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This guide  provides a general introduction to copyright and is not intended as a comprehensive interpretation of the copyright legislation.

What is Copyright?

Copyright is a form of intellectual property law which automatically applies to works on creation. It's purpose is to prevent such works from being used without the permission of their authors/creators. Copyright does not apply to an actual idea but to the presentation or production of an idea into words, symbols, images, recordings, and computer generated works. These works can be published or unpublished.

The legislation on Copyright also provides for Copyright owners to be renumerated for the use, distribution and reproduction of their works. This is to ensure the flow of creative and innovative works of authors/creators are encouraged and protected.

Copyright materials can be identified by the internationally recognised  'C in a circle' symbol Copyright logo


The main legislation governing copyright in Ireland is the Copyright and Related Rights Act 2000 to which there have been many amendments up to the Copyright and Other Intellectual Property Law Provisions Act 2019.

The Department of Enterprise, Trade and Employment has consolidated the Copyright and Related Rights Act 2000 and recent associated amendments up to 12 November 2021, in the Unofficial Consolidated Copyright and Related Rights Act, 2000 (as amended). Please see links below for access to these Acts.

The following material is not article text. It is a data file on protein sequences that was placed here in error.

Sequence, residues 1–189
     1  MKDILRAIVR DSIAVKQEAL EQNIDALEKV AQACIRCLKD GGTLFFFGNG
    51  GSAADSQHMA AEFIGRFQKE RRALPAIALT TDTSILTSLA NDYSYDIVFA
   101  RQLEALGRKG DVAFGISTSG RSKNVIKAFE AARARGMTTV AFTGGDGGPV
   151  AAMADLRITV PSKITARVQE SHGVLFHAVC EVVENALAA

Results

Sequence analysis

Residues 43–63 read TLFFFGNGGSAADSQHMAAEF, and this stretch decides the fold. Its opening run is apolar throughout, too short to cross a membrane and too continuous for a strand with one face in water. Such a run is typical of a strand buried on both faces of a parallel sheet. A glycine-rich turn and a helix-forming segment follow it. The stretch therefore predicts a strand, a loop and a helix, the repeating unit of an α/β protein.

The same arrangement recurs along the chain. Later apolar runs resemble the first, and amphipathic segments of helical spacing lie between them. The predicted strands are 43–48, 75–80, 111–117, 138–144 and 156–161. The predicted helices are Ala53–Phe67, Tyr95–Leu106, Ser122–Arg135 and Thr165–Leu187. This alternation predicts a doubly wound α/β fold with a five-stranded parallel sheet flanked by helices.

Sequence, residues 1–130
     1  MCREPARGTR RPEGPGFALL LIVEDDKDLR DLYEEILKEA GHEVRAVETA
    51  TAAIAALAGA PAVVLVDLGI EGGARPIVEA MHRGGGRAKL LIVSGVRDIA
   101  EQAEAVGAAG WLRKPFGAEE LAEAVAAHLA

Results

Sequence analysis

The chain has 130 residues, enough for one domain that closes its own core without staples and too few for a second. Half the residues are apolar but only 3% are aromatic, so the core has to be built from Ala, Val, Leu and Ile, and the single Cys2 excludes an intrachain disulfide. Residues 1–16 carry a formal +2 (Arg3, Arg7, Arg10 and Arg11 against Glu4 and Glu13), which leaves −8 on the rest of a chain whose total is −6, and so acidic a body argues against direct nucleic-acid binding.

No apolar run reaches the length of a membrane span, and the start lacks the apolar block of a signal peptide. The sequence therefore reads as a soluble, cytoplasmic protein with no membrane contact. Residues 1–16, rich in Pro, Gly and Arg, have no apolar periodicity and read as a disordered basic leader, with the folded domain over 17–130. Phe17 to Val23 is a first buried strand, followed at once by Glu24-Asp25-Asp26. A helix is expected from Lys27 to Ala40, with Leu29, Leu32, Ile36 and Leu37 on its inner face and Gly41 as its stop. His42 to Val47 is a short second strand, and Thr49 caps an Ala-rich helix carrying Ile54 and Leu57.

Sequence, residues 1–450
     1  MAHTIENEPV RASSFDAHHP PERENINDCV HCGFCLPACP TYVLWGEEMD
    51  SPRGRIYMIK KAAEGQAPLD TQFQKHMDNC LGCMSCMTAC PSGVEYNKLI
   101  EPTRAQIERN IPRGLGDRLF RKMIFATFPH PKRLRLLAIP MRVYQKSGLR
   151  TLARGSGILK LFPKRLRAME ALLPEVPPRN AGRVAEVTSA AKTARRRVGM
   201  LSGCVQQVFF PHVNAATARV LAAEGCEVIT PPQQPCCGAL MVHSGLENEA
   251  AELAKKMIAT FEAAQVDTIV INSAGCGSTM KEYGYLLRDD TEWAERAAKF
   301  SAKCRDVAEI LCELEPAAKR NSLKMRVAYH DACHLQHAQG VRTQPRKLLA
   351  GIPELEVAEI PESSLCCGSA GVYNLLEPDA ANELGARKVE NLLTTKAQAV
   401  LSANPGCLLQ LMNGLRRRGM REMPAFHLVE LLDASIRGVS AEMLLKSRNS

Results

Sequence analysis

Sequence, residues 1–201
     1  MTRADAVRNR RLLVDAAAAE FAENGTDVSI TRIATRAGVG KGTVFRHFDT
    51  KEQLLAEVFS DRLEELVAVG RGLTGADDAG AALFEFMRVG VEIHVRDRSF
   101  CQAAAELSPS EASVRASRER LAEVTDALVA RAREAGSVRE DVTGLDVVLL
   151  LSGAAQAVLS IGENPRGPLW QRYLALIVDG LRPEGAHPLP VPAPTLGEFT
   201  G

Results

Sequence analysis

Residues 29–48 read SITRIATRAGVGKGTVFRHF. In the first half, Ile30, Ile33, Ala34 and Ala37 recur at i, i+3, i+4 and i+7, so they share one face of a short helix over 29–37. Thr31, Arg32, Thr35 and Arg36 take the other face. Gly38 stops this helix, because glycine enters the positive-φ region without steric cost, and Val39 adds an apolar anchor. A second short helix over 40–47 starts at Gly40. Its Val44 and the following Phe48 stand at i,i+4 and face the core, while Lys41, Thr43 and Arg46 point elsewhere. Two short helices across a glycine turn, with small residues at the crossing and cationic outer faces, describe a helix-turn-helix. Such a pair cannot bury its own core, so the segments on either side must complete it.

Copyright Limits-how long does it last?

Copyright is automatic on creation but is not perpetual. It generally lasts for the lifetime of the creator plus 70 years.

The following time limits apply:

  • Print literary, dramatic or artistic work -  lifetime of the author + 70 years
  • Film - 70 years after the death of the last author/creator, director, screen writer or musical composer
  • Sound recordings and broadcasts - 70 years after the recording was made or if in the public domain, 50 years from it's release date to the public or broadcast transmission
  • Computer generated works - 70 years after date of release to the public.

Copyright Concepts

Moral Rights

These are the rights to claim authorship or paternity over a work and how that work is used is modified. If it is prejucial towards the author than they maintain the right to object to the use - the right of integrity. 

Economic Right

Right of creator/owner to gain financial reward for the use or reproduction of their works.

Exclusive Right

Copyright owners have the exclusive right to exclude others from using their works without permission.

(For more details on rights read this document on Understanding Copyright and Related Rights by the World Intellectual Property Organisation)

Fair Dealing

Fair Dealing is defined as “making use… for a purpose and to an extent which will not unreasonably prejudice the interests of the owner of the copyright” Copyright and Related Rights Act 2000 Section 50(4)

The concept of Fair Dealing (not to be confused with the US Concept of 'Fair Use') allows for the use of a work without permission under the following exceptions:

  • academic or educational research or private study
  • the criticism, review, quotation or reporting of current events
  • where the author/creator is acknowledged

Fair Dealing generally applies to making a single copy of a work for individual use. Multiple copies are covered under the terms of the ICLA Licence Agreement.